Beginning with Christianity and then exploring the perspectives of other religions, western and eastern, this course explores how religious belief and practice impact human attitudes toward the natural world, shaping in turn both how environmental problems are perceived, and the steps that are, or are not, taken to address these problems, such as global climate change, preserving biological diversity, and the consequences of environmental degradation for the poor. Throughout, students will be given opportunities to evaluate critically their own sense of vocation to environmental stewardship. (as needed)

G-PR 302 Religion and Politics

3 hours
This course considers how religion and politics have influenced each other in the United States, as well as the ways that Americans have understood those influences. Topics include the interplay between church and state, the politics of sexuality, gender, and race, and the relation between religion and democracy.

PR 303 Readings in Theology/Philosophy

2-3 hours
In recent years, this course has been designed around the topic of thanatology: examining origin of death cultural mythologies, psychological stages of dying, interpretations of near death experiences, organ-tissue donations, world funeral practices, and beliefs of life after death in the world’s major faiths. However, the course may cover other topics as well.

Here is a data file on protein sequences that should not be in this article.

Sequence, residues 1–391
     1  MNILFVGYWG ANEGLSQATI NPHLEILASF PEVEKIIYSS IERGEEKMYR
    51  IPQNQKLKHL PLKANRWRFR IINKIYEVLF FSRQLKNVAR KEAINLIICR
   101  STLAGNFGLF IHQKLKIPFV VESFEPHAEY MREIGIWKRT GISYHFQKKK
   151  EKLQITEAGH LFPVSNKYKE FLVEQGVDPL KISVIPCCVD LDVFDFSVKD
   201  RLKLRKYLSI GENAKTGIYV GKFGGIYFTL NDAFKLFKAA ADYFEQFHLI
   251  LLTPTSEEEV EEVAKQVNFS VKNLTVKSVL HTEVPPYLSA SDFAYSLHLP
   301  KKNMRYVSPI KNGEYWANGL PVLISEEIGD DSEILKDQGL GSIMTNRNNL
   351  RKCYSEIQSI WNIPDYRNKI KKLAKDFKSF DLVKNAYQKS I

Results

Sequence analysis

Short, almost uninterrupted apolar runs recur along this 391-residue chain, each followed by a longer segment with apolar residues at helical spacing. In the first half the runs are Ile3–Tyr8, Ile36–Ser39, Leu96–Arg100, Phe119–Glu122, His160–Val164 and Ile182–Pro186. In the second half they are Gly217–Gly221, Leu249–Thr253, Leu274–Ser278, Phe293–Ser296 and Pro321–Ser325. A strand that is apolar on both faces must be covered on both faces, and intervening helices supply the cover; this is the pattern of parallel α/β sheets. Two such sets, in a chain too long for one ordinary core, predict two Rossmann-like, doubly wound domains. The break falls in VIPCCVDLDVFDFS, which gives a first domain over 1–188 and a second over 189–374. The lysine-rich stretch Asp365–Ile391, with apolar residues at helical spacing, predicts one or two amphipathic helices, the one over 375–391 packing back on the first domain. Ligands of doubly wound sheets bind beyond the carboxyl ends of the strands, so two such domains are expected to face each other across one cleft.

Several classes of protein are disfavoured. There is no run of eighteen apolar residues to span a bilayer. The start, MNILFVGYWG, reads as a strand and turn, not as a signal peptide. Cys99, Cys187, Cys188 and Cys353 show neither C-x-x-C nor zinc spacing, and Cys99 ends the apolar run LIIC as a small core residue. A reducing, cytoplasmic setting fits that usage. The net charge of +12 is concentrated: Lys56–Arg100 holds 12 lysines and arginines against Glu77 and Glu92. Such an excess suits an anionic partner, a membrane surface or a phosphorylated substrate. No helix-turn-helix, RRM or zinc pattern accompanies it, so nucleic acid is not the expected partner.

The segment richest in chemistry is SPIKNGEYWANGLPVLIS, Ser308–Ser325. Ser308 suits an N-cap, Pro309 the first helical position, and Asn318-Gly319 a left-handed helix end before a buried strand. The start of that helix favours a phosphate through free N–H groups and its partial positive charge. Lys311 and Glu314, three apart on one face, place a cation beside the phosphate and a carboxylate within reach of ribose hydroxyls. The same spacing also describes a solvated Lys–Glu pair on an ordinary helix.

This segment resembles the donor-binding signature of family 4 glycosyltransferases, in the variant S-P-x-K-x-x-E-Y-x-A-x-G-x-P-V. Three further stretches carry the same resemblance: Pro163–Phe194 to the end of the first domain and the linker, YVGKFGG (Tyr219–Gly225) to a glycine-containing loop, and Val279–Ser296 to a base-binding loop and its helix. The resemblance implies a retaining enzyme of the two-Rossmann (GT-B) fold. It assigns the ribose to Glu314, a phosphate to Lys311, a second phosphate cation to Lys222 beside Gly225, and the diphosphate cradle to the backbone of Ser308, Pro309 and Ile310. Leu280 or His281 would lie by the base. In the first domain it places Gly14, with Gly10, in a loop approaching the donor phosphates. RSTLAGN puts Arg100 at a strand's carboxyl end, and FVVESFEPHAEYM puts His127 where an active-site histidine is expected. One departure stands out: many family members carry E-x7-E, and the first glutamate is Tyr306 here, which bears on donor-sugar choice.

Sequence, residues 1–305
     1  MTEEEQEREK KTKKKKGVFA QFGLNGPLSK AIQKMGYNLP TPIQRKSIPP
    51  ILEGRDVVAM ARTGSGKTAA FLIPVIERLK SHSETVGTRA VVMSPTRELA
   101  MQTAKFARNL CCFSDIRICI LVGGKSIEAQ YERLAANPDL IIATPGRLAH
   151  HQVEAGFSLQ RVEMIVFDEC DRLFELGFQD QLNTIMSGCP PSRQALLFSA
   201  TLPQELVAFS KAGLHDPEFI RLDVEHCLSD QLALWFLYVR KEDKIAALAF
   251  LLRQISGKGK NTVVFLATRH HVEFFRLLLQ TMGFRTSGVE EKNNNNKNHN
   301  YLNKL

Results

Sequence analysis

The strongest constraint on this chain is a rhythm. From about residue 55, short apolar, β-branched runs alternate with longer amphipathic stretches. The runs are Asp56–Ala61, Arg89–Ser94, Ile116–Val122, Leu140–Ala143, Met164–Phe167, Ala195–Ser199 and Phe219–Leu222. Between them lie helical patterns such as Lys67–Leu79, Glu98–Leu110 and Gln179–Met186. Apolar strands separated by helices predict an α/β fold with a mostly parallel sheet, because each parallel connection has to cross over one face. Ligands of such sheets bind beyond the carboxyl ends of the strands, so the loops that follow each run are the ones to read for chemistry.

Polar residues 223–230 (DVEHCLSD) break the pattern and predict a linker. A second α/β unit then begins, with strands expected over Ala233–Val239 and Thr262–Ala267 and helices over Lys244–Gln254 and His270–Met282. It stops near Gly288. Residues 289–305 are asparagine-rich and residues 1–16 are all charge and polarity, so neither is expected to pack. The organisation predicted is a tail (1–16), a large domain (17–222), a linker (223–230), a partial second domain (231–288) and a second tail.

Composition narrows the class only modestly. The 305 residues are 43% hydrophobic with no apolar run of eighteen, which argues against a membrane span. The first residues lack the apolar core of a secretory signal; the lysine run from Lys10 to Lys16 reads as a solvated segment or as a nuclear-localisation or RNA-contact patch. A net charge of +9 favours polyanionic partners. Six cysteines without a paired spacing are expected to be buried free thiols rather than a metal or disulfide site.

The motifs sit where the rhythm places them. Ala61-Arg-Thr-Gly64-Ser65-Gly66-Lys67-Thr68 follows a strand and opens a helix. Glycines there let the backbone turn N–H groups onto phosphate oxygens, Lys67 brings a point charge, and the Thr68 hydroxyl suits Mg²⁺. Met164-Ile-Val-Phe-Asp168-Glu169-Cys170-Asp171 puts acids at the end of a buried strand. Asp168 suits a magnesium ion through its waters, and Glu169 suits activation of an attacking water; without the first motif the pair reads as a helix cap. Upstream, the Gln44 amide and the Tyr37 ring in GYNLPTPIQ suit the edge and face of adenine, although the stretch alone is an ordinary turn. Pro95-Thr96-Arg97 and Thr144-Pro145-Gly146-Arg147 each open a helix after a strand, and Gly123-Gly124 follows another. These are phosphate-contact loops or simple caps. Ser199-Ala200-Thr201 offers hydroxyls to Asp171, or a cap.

G-PR 304 The Church of the Brethren and Beyond: The Christian Church Serves Our World

3 hours
With special emphasis on the Church of the Brethren, a study of how Christian churches are helping to serve others and bring peace amidst the many cultural, racial, and political struggles of our day.

G-PR 306 World Religions

3 hours
An introduction to major world religions, including, but not limited to: Hinduism, Buddhism, Confucianism, Taoism, Judaism, Christianity, and Islam. The goal is for students to understand key teachings and practices of each, and thereby to develop an understanding of and empathy for how adherents of these traditions experience life and the world around them. Finally, student will consider how their study of these traditions might contribute to their own life and thought.

PR 375 Junior Seminar

1 hour
Philosophy and Religion majors during their junior year are required to meet together to critically reflect on the idea of vocation from a variety of religious and philosophical perspectives, and then both to research a profession they are considering and to reflect on how pursuing that profession might answer to their developing sense of vocation.